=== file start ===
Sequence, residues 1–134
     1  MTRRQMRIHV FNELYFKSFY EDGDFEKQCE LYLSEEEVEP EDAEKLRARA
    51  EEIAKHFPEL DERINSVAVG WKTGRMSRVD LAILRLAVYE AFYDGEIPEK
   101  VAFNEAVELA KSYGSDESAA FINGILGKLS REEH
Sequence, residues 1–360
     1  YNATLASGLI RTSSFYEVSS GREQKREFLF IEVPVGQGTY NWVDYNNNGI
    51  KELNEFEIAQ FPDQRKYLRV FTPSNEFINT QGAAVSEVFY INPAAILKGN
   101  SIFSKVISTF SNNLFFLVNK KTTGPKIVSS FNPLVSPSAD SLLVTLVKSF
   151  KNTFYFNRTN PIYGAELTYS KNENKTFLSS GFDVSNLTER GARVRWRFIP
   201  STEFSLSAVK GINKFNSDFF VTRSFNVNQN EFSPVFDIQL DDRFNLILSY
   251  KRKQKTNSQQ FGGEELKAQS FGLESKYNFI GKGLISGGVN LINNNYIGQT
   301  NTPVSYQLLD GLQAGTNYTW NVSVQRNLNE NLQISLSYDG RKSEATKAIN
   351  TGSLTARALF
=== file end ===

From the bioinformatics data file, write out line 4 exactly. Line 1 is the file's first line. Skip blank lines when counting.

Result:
   101  VAFNEAVELA KSYGSDESAA FINGILGKLS REEH